Wednesday, November 30, 2022
Nov. 30, 2022

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Hot air balloons draw global audience to New Mexico

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Denise Wiederkehr McDonald, center, holds a cardboard cutout of her father as part of a re-enactment of the first Albuquerque International Balloon Fiesta in 1972 during a special event at Coronado Center in Albuquerque, New Mexico, on Friday, Sept. 30, 2022. Wiederkehr's father was among the original 13 pilots to take part in the first fiesta.
Denise Wiederkehr McDonald, center, holds a cardboard cutout of her father as part of a re-enactment of the first Albuquerque International Balloon Fiesta in 1972 during a special event at Coronado Center in Albuquerque, New Mexico, on Friday, Sept. 30, 2022. Wiederkehr's father was among the original 13 pilots to take part in the first fiesta. (AP Photo/Susan Montoya Bryan) Photo Gallery

ALBUQUERQUE, N.M. — Hundreds of hot air balloons lifted off Saturday morning, marking the start of an annual fiesta that has drawn pilots and spectators from across the globe to New Mexico’s high desert for 50 years now.

As one of the most photographed events in the world, the Albuquerque International Balloon Fiesta has become an economic driver for the state’s largest city and a rare — and colorful — opportunity for enthusiasts to be within arm’s reach as the giant balloons are unpacked and inflated.

Three of the original pilots who participated in the first fiesta in 1972 and the family members of others are among this year’s attendees. That year, 13 balloons launched from an open lot near a shopping center on what was then the edge of Albuquerque. It has since grown into a multimillion-dollar production.

Pilot Gene Dennis, 78, remembers the snowstorm that almost caused him to miss that first fiesta. He had to rearrange his flight plans from Michigan so he could make it to Albuquerque in time.

The weather was perfect when he got to New Mexico, said Dennis, who flew under the alias “Captain Phairweather.” He was quoted at the time as saying he had brought good weather with him.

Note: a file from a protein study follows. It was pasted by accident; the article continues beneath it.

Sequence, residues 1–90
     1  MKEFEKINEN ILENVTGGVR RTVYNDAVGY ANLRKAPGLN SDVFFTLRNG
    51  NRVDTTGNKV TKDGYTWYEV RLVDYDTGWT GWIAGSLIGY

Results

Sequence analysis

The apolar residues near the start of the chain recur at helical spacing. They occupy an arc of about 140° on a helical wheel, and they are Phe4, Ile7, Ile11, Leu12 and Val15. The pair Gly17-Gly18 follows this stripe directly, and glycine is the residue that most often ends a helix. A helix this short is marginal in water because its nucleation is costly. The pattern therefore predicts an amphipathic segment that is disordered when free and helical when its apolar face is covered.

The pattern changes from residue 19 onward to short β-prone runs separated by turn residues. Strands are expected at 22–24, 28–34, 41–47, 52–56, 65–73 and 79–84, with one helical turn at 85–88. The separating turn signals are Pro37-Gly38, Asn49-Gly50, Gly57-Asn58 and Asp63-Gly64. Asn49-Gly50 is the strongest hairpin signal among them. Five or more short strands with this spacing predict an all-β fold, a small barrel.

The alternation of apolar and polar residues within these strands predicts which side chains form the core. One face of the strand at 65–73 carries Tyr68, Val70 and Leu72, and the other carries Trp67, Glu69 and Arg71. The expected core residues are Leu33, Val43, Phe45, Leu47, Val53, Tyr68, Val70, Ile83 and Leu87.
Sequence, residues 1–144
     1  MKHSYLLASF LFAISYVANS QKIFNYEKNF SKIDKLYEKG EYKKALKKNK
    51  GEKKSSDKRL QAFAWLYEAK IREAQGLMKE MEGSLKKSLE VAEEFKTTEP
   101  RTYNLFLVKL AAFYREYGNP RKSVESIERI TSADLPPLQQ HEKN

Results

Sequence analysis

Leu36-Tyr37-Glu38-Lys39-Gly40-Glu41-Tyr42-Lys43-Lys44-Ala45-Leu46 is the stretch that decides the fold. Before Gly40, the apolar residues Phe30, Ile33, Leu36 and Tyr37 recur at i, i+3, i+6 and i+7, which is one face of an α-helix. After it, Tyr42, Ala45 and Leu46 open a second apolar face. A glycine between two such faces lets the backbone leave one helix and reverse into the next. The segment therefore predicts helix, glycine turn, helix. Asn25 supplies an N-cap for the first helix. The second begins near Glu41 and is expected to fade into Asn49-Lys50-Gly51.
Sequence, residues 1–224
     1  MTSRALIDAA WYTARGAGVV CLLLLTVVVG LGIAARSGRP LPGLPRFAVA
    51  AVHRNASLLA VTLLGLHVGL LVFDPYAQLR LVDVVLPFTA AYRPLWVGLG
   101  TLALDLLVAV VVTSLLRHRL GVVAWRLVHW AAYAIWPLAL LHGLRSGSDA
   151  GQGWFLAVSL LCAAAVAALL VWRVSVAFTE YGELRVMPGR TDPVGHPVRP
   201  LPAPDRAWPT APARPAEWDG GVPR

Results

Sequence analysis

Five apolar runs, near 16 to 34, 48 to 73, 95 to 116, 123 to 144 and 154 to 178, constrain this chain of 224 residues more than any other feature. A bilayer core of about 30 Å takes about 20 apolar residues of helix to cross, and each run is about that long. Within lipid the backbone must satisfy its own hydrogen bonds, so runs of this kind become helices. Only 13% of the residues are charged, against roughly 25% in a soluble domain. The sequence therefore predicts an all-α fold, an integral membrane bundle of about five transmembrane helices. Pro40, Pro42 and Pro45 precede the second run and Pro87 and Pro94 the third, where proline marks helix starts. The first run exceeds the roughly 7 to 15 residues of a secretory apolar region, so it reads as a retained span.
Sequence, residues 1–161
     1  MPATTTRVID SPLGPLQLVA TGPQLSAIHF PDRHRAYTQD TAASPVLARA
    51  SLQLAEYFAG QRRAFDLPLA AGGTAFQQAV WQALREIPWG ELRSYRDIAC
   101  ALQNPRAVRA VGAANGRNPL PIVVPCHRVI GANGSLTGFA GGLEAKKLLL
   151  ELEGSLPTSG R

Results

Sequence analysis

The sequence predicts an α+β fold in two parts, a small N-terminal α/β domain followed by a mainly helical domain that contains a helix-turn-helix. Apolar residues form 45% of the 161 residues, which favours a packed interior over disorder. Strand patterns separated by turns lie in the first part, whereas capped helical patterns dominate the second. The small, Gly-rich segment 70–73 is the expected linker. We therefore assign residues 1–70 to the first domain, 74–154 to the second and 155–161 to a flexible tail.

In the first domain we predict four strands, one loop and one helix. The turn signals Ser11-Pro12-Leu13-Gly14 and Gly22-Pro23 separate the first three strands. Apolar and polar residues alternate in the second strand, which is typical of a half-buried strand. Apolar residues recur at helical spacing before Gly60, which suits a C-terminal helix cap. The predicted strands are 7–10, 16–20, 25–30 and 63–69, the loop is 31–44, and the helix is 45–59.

He was on the hook again, as pilots hope predictions for the rest of opening weekend are fair.

“Ballooning is infectious,” Dennis said, describing being aloft like drifting in a dream, quietly observing the countryside below.

This year will mark Roman Müller’s first time flying in the fiesta. He’s piloting a special-shaped balloon that was modeled after a chalet at the top of a famous Swiss bobsled run. One of his goals will be flying over the Rio Grande and getting low enough to dip the gondola into the river.

“This is my plan,” he said with a wide smile while acknowledging that it’s not always easy to fly a balloon.

One thing that helps, he said, is the phenomenon known as the Albuquerque box — when the wind blows in opposite directions at different elevations, allowing pilots to bring a balloon back to near the point of takeoff. Dennis said it took a few years of holding the fiesta to realize the predictability of the wind patterns.

Tens of thousands of people packed the field Saturday, wide-eyed with necks craned as they tried to soak in the spectacle.

The fiesta has grown to include a cadre of European ballooning professionals. More than 20 countries are represented this year, including Switzerland, Australia, Brazil, Croatia, Mexico, Taiwan and Ukraine.

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